It will be necessary further studies that focus in a strict following, at median and long term.

The Human Obesity Gene Map reviewed, screened the evidence for all genetic variations that were associated with body weight, body mass index, or body fat and identified those that had been replicated in at least three clinical studies. Five variations in four genes were included in this study, those variants include:

Fatty acid binding protein 2 (FABP2) Ala54Thr
Peroxisome proliferator-activated receptor-gamma (PPARG or γ) Pro12Ala
Beta-2 adrenergic receptor (ADRB2) Arg16Gly and Gln27Glu
Beta-3 adrenergic receptor (ADRB3) Arg64Trp

FABP2 Ala54Thr (A54T) Polymorphism
The FABP2 gene encodes the intestinal form of fatty acid binding protein2 (FABP2). FABP2 protein is found in small intestine epithelial cells where it strongly influences fat absorption. Variations in DNA or polymorphisms in the gene result in greater binding of the fatty acids (released in the intestine from dietary fat consumption) which in turn results in higher absorption of fat. One such polymorphism, Ala54Thr, has been found to be associated with obesity. Multiple clinical research studies have indicated that individuals with the Thr54 form of the protein show increased absorption and/or processing of dietary fatty acids by the intestine. The Thr54 variant has been associated with elevated BMI and body fat, increased abdominal fat, and obesity and higher LEPTIN levels. Homozygotes for 54Thr/Thr variant show increased levels of postprandial triglycerides and increased levels of 14-18-carbon fatty acids compared with the 54Ala/Ala form of the protein.

PPARG Pro12Ala (P12A) Polymorphism

Peroxisome proliferator-activated receptor-gamma (PPARG) protein is abundantly expressed in fat cells and plays a key role in the formation of fat cells. It is crucial to lipid (fat) metabolism. Polymorphisms in this gene that are responsible for expression of variant forms of the protein have been associated with the development of type 2 diabetes. The variant form of the protein (Ala12) is associated with a decreased binding affinity to its target genes and thus with a reduction in its ability to regulate the expression of these target genes. Pro12Ala polymorphism was the most studied, in individuals with the 12Pro/Pro form of the protein were more affected by the amount of fat in the diet and had a direct association between higher BMI and the amount of fat intake as opposed to the Ala12 carriers. These findings clearly indicated that 12Pro/Ala carrier individuals are more sensitive to the amount of fat in the diet. Clinical studies consistently show that Pro12 allele is the high-risk allele and 12Pro/Pro subjects are more sensitive to the amount of fat in the diet, more resistant to weight loss and at increased risk of diabetes. The evidence of gene-diet interaction is strong.

ADRB2 Arg16Gly (R16E) and Gln27Glu (Q27E) Polymorphisms
The beta-2 adrenergic receptor (ADRB2) gene product ADRB2 protein is expressed in fat cells. This receptor protein is involved in the mobilization of fat from the fat cells for energy in response to hormones called catecholamines. Several polymorphisms of this gene that result in amino acid changes have been identified. The two main well-characterized polymorphisms Arg16Gly and Gln27Glu are the most common in Caucasians. The recent obesity gene map shows association between variants in the ADRB2 gene and obesity, with most of the positive findings involving the Arg16Gly or Gln27Glu polymorphisms. Multiple studies show association between Glu27 and Gly16 allele carriers and abdominal and central obesity. 27Gln/Gln was found to be a risk genetic profile in studies involving overfeeding of identical twins where higher weight gain and subcutaneous fat were observed compared to those with the Glu27 allele. Results from association studies suggest that the Glu27 allele is associated with an increased risk of obesity, abdominal obesity and obesity when adhering to a high carbohydrate diet.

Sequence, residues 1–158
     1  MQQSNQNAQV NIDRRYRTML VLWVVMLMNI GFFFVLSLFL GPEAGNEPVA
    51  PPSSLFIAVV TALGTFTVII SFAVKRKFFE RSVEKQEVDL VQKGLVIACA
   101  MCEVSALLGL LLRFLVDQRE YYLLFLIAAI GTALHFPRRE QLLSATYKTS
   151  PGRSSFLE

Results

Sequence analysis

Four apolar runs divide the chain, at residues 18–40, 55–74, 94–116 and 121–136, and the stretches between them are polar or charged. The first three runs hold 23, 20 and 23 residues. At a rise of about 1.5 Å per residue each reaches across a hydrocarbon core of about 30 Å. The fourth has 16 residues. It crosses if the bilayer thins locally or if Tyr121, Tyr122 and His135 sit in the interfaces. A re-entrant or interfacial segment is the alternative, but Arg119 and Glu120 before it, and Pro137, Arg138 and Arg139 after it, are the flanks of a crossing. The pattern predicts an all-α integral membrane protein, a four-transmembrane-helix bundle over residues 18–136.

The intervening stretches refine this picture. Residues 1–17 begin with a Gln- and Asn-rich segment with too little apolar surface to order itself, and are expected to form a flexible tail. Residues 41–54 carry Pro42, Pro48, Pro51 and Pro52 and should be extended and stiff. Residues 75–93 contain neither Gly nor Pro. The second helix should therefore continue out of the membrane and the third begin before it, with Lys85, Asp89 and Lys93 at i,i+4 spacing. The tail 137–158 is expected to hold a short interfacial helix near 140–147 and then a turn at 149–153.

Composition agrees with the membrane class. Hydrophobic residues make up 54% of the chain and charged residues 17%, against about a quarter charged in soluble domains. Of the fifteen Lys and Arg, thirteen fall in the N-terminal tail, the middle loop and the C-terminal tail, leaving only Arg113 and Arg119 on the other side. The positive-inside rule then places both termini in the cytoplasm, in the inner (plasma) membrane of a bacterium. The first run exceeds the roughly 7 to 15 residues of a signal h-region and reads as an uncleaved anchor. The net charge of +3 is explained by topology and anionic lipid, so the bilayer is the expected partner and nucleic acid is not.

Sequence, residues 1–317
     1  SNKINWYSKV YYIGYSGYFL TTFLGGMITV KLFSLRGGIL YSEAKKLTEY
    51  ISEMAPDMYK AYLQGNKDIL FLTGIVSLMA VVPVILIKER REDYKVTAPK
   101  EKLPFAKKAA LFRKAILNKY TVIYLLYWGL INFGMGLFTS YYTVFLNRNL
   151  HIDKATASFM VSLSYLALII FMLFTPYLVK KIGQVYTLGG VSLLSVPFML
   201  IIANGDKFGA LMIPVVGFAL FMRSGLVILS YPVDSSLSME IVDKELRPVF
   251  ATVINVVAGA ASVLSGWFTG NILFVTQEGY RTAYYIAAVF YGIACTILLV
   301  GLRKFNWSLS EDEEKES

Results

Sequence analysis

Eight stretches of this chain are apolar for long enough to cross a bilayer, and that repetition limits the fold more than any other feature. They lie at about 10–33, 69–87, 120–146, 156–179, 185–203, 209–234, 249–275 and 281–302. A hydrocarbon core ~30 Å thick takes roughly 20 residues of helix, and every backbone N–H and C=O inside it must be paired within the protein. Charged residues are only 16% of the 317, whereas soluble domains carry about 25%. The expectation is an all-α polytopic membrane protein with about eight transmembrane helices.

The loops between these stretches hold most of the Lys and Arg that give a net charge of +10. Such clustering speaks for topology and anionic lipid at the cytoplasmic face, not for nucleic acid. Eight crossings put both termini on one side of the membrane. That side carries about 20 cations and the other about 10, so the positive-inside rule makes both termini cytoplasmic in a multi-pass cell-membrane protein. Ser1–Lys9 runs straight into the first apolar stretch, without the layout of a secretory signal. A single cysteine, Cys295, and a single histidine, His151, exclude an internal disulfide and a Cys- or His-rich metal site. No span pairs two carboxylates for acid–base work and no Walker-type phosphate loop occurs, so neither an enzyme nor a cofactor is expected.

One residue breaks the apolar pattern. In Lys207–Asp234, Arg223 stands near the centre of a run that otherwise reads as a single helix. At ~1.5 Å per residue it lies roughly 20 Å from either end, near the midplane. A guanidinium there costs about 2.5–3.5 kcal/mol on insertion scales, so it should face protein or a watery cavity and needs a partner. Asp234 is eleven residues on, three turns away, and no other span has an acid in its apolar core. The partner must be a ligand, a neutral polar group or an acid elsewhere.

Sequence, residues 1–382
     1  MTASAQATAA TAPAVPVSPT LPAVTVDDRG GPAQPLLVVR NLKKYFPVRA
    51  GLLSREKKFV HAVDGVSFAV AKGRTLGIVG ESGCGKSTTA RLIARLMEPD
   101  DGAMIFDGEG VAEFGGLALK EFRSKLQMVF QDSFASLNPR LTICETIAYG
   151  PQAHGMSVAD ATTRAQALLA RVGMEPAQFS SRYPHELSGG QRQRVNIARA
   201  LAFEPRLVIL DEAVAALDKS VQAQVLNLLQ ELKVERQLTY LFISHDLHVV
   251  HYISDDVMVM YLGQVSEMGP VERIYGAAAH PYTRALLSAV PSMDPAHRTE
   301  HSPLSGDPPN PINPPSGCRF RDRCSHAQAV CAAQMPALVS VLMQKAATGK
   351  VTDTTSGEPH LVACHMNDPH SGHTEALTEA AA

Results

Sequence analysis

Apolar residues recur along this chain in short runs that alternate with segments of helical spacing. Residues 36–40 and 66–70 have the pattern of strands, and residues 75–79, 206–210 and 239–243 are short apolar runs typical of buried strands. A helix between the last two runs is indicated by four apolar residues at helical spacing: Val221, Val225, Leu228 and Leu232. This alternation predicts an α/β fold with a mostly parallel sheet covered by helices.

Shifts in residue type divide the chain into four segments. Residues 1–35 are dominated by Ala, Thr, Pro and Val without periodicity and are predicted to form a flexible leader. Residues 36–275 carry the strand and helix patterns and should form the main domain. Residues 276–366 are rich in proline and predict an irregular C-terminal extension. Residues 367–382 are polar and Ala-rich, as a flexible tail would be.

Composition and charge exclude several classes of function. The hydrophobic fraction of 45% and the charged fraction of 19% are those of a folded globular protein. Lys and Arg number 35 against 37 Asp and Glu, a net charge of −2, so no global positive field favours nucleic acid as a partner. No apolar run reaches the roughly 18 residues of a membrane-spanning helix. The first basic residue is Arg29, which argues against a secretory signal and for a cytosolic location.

ADRB3 Trp64Arg (R64W) Polymorphism
The beta-3 adrenergic receptor (ADRB3) protein is expressed in visceral adipose tissue and the fat depot where it is involved in the regulation of fat breakdown (lipolysis). Laboratory studies on isolated fat cells (adipocytes) show that the Trp64Arg polymorphism in the gene results in reduced lipolysis in response to a specific agonist in cells carrying the Arg64 allele. Multiple clinical studies showed that Arg64 variant on the ADRB3 gene is strongly associated with increased BMI. Women with the Arg64 variant lost less weight through diet and exercise. ADRB3 Arg64 carriers experienced greater loss of fat mass and trunk fat following of supervised aerobic exercise training compared to non-carriers.

ADRB2 Arg16Gly (R16E) and ADRB3 Trp64Arg (R64W) Polymorphisms and Exercise
A number of studies have investigated the role of ADRB 2 and 3 polymorphisms on the risk of developing obesity and assessed the effect of physical activity on this risk. In a case-control study it was observed that the effect of the ADRB3 variant on obesity changes depending on the recreational physical activity levels. An increased obesity risk among carriers of the mutation (Arg64) was dramatically diminished when subjects had recreational energy expenditure levels higher than the median, the higher risk of obesity among carriers of the ADRB3 variant (Arg64) may be altered by moderate levels of physical activity.

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Re: Genetic Phenotypes Predict Best Weight Loss Diet

Postby Dtlv74 on Mon Jan 02, 2012 10:12 pm

This gene-nutrient interaction idea is something I'm very interested in, and if all goes well i want to do a masters in nutrigenomics sometime in the next three years or so.
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Re: Genetic Phenotypes Predict Best Weight Loss Diet

Postby julesm on Tue Jan 03, 2012 9:54 pm

how about getting a girlfriend instead
bore off :-)